The Time Cost of Prehospital Intubation and Intravenous Access in Trauma Patients
Objectives. The prehospital management of trauma patients remains controversial. Little is known about the time each procedure contributes to the on-scene duration, and this information would be helpful in prioritizing which procedures to perform in the prehospital setting. We sought to estimate the contribution of procedures to on-scene duration focusing on intubation and establishment of intravenous (IV) access.
Methods. Data were provided by the Office of Emergency Planning and Response at the Mississippi Department of Health. Real-time prehospital patient-level data are collected by emergency medical services (EMS) providers for all 9-1-1 calls statewide. Linear regression was performed to determine the overall additional time for an average procedure and to calculate marginal increases in on-scene time associated with the establishment of IV access and with endotracheal intubation. Analyses were performed using Stata 9.
Results. During 2001–2005, 192,055 prehospital runs were made for trauma patients. 121,495 (63%) included prehospital procedures. Average on-scene duration for those runs was 15:24 (minutes:seconds). On average, each procedure was associated with an addition of 1 minute to the on-scene duration (95% confidence interval [CI]: 58–62 seconds). A scene involving the establishment of IV access was 5:04 longer, while one involving tracheal intubation was 2:36 longer.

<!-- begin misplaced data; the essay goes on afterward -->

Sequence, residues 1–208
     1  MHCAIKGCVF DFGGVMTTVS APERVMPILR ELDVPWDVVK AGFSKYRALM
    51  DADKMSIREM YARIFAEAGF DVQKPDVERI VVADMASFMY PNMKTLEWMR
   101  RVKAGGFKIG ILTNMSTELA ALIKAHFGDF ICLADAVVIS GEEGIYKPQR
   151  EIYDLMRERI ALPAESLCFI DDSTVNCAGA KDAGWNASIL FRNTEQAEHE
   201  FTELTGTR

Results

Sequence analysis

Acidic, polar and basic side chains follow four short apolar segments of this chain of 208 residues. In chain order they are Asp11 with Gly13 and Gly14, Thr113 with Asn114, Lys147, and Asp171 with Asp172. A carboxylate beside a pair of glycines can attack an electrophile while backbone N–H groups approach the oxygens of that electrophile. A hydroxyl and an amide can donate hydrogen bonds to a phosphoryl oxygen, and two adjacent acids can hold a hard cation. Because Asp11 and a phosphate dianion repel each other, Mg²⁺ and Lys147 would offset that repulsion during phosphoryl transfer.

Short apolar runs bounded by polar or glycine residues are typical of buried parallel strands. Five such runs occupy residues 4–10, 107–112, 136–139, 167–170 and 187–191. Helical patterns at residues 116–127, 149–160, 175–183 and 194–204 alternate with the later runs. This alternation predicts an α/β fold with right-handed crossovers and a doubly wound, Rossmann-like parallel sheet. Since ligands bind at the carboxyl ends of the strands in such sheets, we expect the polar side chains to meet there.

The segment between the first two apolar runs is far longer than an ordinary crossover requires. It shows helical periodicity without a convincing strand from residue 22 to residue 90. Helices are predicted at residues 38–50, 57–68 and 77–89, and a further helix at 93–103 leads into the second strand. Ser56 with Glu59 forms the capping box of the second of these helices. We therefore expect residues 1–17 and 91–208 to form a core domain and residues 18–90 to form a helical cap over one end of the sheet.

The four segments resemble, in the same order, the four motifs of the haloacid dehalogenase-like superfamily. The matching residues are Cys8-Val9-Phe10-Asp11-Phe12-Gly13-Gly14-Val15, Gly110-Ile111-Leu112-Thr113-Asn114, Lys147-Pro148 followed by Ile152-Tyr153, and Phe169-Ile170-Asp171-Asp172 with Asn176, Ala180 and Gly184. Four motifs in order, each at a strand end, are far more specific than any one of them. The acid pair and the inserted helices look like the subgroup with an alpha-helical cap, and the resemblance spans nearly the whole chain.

Conclusions. We estimate the marginal increase in on-scene duration associated with the performance of an average procedure, establishment of IV access, and endotracheal intubation. There are policy and planning implications for the time trade-off of prehospital procedures, especially discretionary ones.
Press coverage: http://www.jems.com/article/cardiac-circulation/how-much-do-ems-procedures-cos-0
Brendan G. Carr, Tanguy Brachet, Guy David, Reena Duseja, and Charles C. Branas. "The Time Cost of Prehospital Intubation and Intravenous Access in Trauma Patients" Prehospital Emergency Care 12.3 (2008): 327-332.